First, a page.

General Motors' Job-Killing Plans Trigger Political Firestorm in Washington

Trump urges GM to reconsider closing factories in states that helped elect him. But what about those metals tariffs? 

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NICHOLAS KAMM—AFP/Getty Images

They once roamed this land in great, thundering herds. Today, the culling of the Great American Sedan continued—along with that of the Great American Autoworker. General Motors, seeking $6 billion in cost savings in a softening market in North American and China, plans to shutter three sedan-centric plants in the U.S. and Canada in 2019. To that unlucky tally, add two U.S. transmission plants in Baltimore and suburban Detroit, and two assembly facilities outside of North America. About 6,300 North American production workers will trade the assembly line for the unemployment line. GM is also offering buyouts to any and every white-collar employee with more than 12 years of experience. Hiding behind the water cooler won’t help: GM wants to trim 15 percent of its executive force, and will surely end up dismissing thousands of executives who don’t accept a buyout. Add it up, and GM will cut more than 14,000 jobs. 

In that Dickensian spirit, I’d like to say Merry Christmas: Not to laid-off or bought-off workers, but to GM investors, who cheered the news by bidding GM stock up nearly 8 percent, to its highest levels since July. But that’s today’s auto industry, in which GM’s record sales and profits mean zilch to investors who prefer their shares in car companies—oops, “mobility providers”— to pop like champagne corks, and to hell with the pesky bubbles. The auto business is no longer about the cars you actually make. It’s about the cars you might make, the world-changing “someday solutions that attract billions of dollars from the Silicon Valley crowd.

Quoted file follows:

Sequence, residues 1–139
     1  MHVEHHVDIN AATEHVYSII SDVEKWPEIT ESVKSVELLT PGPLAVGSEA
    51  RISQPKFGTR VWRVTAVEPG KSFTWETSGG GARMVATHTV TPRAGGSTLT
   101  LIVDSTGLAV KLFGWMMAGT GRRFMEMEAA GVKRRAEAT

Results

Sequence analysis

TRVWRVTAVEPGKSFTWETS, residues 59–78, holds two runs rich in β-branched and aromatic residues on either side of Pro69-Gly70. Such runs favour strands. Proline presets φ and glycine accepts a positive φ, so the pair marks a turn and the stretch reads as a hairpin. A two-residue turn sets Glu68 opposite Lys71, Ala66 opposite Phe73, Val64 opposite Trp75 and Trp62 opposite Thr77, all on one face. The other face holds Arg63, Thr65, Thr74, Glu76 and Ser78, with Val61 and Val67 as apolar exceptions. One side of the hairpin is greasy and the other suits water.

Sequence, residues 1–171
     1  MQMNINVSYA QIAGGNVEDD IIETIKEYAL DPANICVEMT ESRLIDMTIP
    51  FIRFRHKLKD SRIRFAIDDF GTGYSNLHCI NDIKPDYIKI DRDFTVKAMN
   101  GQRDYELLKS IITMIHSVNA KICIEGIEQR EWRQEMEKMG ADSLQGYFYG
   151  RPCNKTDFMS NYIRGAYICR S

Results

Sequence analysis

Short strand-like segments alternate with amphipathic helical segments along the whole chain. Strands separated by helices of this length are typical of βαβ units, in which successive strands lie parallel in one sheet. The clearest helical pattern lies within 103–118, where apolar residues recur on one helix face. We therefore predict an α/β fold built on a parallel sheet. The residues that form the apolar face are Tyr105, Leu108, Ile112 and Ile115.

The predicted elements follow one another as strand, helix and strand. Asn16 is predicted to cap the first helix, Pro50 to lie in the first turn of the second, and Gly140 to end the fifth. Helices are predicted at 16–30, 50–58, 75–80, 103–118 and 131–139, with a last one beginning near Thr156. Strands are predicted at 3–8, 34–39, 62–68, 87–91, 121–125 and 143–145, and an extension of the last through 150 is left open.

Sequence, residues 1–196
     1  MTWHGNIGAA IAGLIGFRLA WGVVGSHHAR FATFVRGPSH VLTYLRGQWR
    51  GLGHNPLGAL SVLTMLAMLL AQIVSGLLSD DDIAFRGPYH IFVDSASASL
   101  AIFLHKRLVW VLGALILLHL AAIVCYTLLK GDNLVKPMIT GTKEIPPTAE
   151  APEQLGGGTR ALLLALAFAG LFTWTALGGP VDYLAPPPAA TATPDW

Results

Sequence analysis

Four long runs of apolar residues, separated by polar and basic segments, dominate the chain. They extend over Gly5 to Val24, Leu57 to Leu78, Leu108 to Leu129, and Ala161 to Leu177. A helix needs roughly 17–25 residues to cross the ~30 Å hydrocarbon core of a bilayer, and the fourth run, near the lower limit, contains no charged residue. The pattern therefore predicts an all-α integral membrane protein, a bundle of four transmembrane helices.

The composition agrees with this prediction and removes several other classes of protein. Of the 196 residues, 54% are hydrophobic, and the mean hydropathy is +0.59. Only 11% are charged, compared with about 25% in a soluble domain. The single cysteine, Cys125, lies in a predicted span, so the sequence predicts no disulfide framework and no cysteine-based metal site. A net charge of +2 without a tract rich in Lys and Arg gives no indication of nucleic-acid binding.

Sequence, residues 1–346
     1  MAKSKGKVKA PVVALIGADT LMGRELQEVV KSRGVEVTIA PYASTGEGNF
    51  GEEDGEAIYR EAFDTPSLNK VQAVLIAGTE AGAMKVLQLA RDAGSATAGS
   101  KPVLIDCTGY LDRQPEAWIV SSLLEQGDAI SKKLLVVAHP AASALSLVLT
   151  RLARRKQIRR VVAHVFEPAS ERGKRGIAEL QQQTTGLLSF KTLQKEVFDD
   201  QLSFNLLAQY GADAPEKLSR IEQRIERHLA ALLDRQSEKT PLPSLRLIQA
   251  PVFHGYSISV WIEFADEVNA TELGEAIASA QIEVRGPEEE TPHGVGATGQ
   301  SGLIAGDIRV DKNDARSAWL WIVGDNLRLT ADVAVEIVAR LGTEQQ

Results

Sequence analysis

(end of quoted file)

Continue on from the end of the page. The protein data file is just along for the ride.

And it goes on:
GM surely sees as much. CEO Mary Barra intends to reapportion the GM pie, doling a larger slice to autonomous and electric cars, including ongoing hiring and investment at GM Cruise LLC, the company’s autonomous car division in San Francisco. 

“We’re taking these actions while the economy is strong,” Barra said. “The industry is changing rapidly. This is about making sure GM is lean and agile and getting in front of and leading in autonomous and electric vehicles.”

The thing is, Barra may be right, that this is all smart, proactive business, yadda yadda. Although, if GM is serious about leading in autonomous cars, it might start by offering its best semi-autonomous technology—Cadillac's outstanding SuperCruise—on every last car and truck in the GM lineup, instead of letting it languish as a pricey option on the now-DOA Caddy CT6. And apparently for GM, “getting in front” of electric vehicles means dumping one out the back of Detroit's Hamtramck Assembly—killing the plug-in hybrid Chevy Volt that became the public face of the “new” and newly enlightened GM as it was obtaining a federal bailout. But slow-selling sedans will take the cruelest cut, with several models to be killed outright in 2019: The Chevrolet Impala and Cadillac XTS, currently built at the Oshawa plant in Ontario. The Cadillac CT6 and Buick LaCrosse in Hamtramck, along with the hatchback Volt. And the Chevrolet Cruze in Lordstown, Ohio—the nine-lives facility that, when I visited just five years ago, was churning out 280,000 Cruzes a year on three shifts of proud, highly engaged workers. Now, like the traditional-car plants in Oshawa and Hamtramck, Lordstown is down to a single shift, and that’s not going to cut it: GM plants are operating about 1 million units short of full capacity, with cars responsible for the vast majority of that imbalance. And the painful truth is that, as in the coal industry, there are fewer and fewer manufacturing jobs to save or, ahem, bring back. Oshawa, just east of Toronto, has built GM cars for a century. As late as the Eighties, its Autoplex was still among the world’s biggest assembly plants, employing 23,000 workers. It’s been steadily whittled to barely 2,500 employees today.